Kai Ryssdal: If the Treasury does start missing debt payments come Tuesday, it's not just the government that's going to feel it. Nobody knows exactly how this whole thing's going to play out -- seeing as how it's never really happened before -- but you can bet the private sector's more than a little uptight, too.
There are comparisons being made to the financial crisis, with credit markets grinding to a halt. And we all know how that turned out. So companies both large and small are trying to figure out how much to worry and what they can do about it anyway.
Marketplace's Jeff Horwich reports.
Jeff Horwich: More than a dozen companies declined to comment for this story. After all, why remind their shareholders what next week might have in store? If the government defaults, the interest rate on U.S. treasury bonds is bound to rise, lifting other interest rates with it. Long story short:
Jim Kaitz: This causes a disruption in the access to credit and also a huge amount of uncertainty for corporations.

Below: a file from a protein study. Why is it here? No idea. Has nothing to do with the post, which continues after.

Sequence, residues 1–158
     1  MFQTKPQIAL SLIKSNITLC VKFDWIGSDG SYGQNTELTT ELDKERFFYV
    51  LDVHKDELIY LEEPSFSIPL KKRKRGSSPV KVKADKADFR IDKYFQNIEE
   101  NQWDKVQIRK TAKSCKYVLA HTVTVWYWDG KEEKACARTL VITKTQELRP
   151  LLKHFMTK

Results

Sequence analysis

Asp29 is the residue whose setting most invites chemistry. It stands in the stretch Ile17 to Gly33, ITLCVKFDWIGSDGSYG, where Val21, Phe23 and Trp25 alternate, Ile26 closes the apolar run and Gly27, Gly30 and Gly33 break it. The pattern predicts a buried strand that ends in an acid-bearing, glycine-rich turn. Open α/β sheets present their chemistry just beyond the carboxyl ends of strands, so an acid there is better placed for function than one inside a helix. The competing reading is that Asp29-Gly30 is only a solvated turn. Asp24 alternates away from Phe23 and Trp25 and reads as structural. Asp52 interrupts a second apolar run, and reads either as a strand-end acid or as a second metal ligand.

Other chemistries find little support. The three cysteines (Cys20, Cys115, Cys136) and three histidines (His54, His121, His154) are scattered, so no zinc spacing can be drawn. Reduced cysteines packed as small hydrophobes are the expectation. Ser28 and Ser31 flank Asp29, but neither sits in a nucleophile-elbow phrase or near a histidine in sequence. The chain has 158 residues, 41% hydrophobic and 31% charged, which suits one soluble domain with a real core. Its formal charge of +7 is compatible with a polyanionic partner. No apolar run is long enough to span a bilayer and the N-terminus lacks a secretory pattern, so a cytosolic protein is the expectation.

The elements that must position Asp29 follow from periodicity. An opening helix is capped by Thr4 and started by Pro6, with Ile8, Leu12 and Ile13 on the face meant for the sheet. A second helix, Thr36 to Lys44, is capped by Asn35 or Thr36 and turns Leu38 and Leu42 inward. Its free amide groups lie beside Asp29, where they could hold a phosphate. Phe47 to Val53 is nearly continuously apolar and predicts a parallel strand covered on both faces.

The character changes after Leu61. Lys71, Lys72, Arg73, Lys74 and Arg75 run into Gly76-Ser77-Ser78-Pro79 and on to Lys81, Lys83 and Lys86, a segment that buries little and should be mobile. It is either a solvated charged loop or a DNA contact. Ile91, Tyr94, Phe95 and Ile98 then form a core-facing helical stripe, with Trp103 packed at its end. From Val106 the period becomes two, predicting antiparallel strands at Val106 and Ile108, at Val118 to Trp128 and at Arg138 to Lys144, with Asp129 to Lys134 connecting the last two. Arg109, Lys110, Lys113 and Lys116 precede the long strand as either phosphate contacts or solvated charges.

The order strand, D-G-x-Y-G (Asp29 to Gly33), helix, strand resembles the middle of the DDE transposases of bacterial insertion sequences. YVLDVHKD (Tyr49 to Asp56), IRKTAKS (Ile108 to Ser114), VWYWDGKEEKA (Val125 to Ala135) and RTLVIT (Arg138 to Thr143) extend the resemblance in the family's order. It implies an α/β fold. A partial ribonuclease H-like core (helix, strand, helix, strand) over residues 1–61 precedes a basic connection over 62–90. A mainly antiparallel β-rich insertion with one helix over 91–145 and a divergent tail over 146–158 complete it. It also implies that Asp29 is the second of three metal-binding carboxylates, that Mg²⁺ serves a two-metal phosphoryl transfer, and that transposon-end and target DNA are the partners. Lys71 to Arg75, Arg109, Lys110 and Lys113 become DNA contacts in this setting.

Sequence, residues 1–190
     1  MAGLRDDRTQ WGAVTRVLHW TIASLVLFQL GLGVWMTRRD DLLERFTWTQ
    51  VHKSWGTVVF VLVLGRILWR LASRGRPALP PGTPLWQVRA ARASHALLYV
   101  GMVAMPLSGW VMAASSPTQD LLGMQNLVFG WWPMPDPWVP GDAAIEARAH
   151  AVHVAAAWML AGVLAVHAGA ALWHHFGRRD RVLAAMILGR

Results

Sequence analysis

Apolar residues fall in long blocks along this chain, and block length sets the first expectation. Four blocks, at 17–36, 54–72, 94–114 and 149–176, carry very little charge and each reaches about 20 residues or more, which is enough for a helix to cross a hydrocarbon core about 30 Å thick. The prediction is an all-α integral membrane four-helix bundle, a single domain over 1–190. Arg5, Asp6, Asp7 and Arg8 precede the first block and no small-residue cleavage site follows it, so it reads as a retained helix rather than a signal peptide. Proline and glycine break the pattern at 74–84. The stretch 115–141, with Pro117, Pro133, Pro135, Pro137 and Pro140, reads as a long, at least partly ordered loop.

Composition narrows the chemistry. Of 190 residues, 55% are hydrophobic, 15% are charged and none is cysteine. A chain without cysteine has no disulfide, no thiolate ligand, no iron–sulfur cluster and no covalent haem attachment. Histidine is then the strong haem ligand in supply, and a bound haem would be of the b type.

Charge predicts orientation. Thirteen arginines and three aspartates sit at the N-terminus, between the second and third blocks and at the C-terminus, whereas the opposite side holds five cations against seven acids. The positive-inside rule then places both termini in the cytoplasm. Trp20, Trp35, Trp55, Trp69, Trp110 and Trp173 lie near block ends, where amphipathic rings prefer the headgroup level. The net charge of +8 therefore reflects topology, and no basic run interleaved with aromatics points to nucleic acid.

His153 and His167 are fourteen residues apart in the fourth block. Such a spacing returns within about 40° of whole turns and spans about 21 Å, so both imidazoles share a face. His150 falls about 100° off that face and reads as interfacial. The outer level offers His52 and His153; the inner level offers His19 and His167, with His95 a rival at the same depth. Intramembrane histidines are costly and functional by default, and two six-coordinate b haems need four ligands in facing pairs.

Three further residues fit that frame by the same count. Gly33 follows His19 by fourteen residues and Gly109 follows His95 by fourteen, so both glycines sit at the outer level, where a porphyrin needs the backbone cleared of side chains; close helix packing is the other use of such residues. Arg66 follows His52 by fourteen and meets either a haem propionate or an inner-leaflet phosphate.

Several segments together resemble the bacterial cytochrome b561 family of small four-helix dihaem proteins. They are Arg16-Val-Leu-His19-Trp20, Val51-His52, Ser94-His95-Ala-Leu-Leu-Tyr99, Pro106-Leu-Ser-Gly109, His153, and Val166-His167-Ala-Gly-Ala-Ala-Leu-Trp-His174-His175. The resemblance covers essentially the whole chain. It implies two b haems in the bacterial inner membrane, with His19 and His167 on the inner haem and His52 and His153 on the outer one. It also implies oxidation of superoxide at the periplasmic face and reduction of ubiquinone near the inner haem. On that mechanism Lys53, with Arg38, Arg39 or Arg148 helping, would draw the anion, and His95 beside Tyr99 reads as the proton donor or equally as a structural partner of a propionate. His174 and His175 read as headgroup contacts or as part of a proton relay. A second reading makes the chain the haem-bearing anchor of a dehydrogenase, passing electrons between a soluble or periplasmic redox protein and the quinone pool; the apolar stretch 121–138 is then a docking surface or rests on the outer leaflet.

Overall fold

Jim Kaitz is president of the Association for Financial Professionals. He represents the people who balance the books at some of America's largest companies. And last week, he took their pulse on the federal debt ceiling debate.
Kaitz: Fifty percent in our people that responded to our survey said they're not worried. But the other 50 percent said they were, and that's a pretty significant number. And some of the things they would do in that instance were draconian.
Companies concerned they won't be able to borrow come Tuesday are saving cash now. That means postponing investments in new equipment, and certainly not hiring. But just because companies are planning for the worst does not mean they're expecting it. At the Ohio Chamber of Commerce, government affairs director Linda Woggon says most members are keeping the faith.
Linda Woggon: I think everyone understands that it's a serious issue. But it's one that we've faced many times in our country. And I think, ultimately, there will be a way that legislative leaders and the president can come together and find a way to deal with it.
Yes, but how? Business leaders say it's not just getting past Tuesday: Any short-term fix just prolongs uncertainty -- giving them little incentive to loosen up with the cash.
I'm Jeff Horwich for Marketplace.